Japan has pledged to provide 600 billion yen ($7.5 billion) of official development assistance (ODA) in the three years starting fiscal 2013 to the five countries of the Mekong River region—Myanmar, Thailand, Cambodia, Laos and Vietnam.
Japan’s development aid to the region, mainly the least-developed area of the Association of Southeast Asian Nations (ASEAN), is important.
Particularly notable is Tokyo’s decision to forgive, in stages, 300 billion yen of its past yen loans to Myanmar and supply fresh lending to the country for the first time in 25 years. Prime Minister Yoshihiko Noda recently promised these measures to visiting Myanmar President Thein Sein.
Last spring, Myanmar shifted from military rule to civilian administration. In parliamentary by-elections in April, candidates of the main opposition National League for Democracy (NLD) won seats, including its leader and democracy advocate, Aung San Suu Kyi, who had been under house arrest for long periods. In a move to reward the steps Myanmar has taken toward democracy, the Japanese government has decided to resume extending yen loans to the country.
There are, however, two key conditions that should be met for Japan’s supply of aid to the country.
One is that Japan’s aid should not help Myanmar’s authoritarian government maintain its grip on power.
Even now, 80 percent of the country’s legislators are current or former members of the military. The Constitution, which allows the military to assume the full power of government during emergencies, remains effectively unamendable. The new presence of Suu Kyi and her party’s members in the parliament is unlikely to ensure the country’s swift and straight-line progress toward democracy.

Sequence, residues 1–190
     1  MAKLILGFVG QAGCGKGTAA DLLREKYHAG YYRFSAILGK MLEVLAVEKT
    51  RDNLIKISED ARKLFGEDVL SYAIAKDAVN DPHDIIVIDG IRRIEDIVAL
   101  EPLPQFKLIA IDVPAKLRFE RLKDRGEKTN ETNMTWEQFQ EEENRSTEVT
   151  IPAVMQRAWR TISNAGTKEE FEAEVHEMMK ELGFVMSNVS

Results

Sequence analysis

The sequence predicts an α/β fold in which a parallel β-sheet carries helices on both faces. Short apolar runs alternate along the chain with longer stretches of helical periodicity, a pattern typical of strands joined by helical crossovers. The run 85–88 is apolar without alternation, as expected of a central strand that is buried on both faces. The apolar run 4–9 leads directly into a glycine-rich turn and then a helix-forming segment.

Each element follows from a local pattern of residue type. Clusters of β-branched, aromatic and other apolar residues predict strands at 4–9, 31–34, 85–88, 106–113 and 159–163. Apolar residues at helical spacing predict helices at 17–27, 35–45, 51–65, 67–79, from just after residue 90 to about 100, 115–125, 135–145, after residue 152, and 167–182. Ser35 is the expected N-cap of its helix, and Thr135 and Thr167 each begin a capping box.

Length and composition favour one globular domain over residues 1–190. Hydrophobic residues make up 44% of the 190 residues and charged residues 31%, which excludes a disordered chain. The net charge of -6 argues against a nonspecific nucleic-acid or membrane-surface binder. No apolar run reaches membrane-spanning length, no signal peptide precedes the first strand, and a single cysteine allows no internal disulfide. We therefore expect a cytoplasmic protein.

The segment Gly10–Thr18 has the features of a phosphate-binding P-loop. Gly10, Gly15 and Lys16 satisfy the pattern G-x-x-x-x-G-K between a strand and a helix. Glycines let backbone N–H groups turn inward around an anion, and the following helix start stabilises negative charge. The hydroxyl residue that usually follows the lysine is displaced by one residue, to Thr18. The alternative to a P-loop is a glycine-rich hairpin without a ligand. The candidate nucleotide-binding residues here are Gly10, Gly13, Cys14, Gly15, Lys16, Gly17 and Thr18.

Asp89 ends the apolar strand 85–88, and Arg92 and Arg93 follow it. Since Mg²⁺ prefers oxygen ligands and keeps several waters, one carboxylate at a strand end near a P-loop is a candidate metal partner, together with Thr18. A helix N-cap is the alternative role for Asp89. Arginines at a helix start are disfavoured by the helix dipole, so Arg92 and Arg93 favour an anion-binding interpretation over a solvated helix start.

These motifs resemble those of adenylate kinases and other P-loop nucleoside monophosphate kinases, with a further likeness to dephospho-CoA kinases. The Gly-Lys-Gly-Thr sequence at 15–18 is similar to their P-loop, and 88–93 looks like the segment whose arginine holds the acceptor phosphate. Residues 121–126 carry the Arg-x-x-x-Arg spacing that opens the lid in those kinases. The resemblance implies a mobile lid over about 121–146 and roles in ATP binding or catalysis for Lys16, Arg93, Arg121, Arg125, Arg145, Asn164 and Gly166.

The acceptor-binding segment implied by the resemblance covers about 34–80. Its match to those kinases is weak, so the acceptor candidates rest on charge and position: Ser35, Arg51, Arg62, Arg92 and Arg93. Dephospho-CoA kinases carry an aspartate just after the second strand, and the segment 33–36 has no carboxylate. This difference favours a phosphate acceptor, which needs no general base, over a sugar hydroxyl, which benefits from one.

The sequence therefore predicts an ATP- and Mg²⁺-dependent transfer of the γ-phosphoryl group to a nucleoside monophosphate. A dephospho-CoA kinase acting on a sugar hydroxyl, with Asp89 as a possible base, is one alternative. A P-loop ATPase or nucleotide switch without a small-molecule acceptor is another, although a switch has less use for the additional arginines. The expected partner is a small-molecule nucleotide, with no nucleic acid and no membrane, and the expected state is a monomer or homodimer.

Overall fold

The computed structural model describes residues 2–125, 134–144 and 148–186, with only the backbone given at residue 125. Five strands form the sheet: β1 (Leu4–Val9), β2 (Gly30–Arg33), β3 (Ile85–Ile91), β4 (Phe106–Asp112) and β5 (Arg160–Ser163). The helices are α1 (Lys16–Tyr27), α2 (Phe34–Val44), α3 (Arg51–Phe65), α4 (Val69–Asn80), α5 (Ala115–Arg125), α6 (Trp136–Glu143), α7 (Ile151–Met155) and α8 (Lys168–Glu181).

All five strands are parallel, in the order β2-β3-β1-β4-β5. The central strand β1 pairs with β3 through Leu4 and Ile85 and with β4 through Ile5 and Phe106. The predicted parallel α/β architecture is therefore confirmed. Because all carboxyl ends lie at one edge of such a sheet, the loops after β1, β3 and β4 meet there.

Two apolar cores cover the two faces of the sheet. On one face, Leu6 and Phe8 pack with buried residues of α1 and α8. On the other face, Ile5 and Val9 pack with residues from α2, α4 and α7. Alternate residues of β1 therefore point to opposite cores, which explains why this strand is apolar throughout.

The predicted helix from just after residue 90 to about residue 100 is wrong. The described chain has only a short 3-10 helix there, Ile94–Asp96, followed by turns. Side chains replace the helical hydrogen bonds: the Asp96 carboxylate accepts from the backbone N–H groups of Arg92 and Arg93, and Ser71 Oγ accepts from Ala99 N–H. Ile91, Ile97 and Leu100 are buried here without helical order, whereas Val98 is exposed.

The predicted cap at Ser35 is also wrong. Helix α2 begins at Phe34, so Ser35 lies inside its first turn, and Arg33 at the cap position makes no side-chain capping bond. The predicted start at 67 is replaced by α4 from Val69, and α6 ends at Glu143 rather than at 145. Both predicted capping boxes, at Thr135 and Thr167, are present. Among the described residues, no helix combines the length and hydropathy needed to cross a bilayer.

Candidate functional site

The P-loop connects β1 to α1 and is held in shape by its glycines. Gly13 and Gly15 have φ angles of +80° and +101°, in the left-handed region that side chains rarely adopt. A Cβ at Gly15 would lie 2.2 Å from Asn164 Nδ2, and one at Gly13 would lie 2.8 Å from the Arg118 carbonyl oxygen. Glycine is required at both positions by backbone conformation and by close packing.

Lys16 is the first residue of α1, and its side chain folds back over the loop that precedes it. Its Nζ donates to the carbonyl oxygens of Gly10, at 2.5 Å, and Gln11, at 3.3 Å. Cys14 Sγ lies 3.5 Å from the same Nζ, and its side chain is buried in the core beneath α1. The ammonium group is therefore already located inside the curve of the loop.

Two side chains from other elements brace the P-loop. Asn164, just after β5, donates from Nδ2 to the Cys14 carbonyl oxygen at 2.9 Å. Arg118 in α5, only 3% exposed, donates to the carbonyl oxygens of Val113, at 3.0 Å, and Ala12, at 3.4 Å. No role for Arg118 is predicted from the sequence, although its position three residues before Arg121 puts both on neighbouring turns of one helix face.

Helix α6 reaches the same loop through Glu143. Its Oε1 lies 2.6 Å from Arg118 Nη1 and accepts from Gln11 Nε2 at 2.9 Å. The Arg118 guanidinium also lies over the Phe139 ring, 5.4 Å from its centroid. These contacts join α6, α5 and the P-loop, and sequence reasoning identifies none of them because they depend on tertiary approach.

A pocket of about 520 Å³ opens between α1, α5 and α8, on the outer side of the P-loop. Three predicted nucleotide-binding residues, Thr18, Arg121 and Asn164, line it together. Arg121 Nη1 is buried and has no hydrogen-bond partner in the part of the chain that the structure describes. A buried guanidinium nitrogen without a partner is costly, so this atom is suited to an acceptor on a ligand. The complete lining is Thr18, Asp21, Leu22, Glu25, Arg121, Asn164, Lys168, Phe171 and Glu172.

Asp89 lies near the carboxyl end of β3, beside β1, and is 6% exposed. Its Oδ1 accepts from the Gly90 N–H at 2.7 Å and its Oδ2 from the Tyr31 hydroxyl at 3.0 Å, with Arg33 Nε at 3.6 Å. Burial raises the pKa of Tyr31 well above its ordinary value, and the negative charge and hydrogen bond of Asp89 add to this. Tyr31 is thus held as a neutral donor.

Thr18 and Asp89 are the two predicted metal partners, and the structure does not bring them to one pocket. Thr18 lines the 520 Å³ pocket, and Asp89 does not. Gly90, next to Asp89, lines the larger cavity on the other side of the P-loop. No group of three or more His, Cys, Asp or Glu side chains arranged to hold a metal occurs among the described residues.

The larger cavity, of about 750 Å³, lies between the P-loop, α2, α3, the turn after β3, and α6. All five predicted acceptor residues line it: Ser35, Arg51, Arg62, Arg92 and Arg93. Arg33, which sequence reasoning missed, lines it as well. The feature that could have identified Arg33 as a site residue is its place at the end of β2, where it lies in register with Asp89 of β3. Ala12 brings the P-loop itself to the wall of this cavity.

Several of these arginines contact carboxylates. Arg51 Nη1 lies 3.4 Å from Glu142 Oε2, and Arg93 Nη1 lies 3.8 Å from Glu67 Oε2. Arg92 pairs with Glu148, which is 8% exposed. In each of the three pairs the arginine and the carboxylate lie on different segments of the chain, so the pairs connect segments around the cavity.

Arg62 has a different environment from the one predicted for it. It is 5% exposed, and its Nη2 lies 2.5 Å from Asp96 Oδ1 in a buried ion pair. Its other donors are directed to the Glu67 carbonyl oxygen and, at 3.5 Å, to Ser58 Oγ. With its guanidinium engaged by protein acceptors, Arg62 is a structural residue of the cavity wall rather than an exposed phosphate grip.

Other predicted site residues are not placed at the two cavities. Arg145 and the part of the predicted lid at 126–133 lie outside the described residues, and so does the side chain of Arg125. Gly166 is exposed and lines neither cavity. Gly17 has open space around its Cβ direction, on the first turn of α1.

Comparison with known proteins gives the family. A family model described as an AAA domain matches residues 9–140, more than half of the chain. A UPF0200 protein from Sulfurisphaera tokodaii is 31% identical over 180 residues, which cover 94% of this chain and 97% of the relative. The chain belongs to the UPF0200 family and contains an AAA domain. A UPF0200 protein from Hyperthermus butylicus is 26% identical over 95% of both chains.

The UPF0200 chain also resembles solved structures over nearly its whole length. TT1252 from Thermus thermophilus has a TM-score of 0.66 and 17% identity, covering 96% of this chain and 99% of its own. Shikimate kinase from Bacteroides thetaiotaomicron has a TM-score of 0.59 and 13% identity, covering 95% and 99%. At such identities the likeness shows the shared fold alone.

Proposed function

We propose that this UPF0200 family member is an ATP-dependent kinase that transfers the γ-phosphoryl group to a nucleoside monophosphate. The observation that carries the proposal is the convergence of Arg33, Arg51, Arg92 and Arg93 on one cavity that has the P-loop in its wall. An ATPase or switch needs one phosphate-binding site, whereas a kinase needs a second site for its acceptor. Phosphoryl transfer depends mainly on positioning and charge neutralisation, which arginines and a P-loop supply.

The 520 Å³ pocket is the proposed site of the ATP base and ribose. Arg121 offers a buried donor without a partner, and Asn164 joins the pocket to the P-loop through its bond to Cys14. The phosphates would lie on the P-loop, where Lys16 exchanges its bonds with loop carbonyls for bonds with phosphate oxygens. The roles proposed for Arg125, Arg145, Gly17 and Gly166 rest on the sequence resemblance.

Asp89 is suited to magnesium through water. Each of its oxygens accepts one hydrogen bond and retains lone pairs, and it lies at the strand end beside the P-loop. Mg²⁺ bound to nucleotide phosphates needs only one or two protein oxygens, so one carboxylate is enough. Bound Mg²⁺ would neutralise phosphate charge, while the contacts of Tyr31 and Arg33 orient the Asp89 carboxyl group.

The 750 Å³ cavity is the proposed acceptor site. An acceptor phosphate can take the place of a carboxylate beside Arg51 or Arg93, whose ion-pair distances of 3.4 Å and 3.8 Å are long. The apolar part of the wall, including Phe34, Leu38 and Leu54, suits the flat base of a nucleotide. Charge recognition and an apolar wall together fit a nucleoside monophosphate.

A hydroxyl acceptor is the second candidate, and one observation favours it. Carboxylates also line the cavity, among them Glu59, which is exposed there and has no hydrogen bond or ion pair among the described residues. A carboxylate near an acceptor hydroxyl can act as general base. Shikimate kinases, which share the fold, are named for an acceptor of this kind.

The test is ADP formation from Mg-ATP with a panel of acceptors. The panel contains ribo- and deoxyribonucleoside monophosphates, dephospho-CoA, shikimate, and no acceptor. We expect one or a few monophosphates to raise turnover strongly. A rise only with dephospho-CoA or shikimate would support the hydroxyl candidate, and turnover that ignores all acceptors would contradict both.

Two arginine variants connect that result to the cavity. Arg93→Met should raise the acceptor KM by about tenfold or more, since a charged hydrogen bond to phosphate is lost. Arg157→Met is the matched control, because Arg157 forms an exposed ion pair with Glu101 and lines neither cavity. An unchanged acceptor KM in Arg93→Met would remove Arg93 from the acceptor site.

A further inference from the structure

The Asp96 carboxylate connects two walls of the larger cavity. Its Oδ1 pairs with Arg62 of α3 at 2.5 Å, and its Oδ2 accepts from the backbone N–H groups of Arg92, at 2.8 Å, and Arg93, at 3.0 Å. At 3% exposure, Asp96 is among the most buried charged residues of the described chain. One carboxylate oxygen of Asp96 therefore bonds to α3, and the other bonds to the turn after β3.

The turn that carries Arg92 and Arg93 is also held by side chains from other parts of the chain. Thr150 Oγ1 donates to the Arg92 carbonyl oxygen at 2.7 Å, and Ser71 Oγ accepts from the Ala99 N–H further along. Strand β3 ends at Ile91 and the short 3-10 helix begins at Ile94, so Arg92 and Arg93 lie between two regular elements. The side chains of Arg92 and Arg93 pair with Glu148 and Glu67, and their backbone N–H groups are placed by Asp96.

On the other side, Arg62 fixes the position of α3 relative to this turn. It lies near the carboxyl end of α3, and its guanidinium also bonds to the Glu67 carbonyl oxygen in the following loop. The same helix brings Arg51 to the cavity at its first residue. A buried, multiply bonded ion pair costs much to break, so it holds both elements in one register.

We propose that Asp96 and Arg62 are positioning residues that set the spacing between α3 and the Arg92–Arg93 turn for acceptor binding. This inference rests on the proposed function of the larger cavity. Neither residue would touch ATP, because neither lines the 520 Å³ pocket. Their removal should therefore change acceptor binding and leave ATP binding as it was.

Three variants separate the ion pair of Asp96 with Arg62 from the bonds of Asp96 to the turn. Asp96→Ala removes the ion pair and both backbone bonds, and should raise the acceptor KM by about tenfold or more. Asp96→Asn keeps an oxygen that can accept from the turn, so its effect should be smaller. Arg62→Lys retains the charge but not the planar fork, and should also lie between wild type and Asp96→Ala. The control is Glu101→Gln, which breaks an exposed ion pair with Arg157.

Considering the situation, the Japanese government has postponed the final decision on forgiving 170 billion yen of the 300 billion yen until after watching the Myanmar government’s reform efforts for a year. Noda told Thein Sein, “This is a crucial moment to promote reforms (in Myanmar).”
The question is how to evaluate the country’s democratization. The government says the evaluation will be based on a general judgment to be made with the help of the Japanese Embassy there. But that will not be enough. A fair and transparent evaluation cannot be secured unless the situation is assessed according to specific criteria through a process involving independent investigative bodies. A special committee whose members include impartial observers like representatives of nongovernmental organizations or a research team comprising Diet members should be set up for the task.
The other condition is a rigorous investigation into Japan’s past loans to the country.
The amount of promised debt forgiveness--300 billion yen--is sizable, equal to more than half of this fiscal year’s total ODA budget of 560 billion yen. This is obviously unusual largesse.
That’s why the government should take a hard look into how Japan’s past aid to the country was actually used and find out what kind of effects the money has produced. Although the aid was provided by Liberal Democratic Party-led governments, it is necessary now to question Japan’s responsibility as the lender, including the right and wrong of the judgments of the governments.
There are high expectations within Japan’s business community for the market and development of Myanmar, which has a population of about 60 million. The top executives of many Japanese companies called on President Thein Sein during his recent visit to Japan.
But the Japanese government needs to adhere to the principle that there should be no Japanese aid to Myanmar unless it keeps moving toward democracy.
--The Asahi Shimbun, May 1
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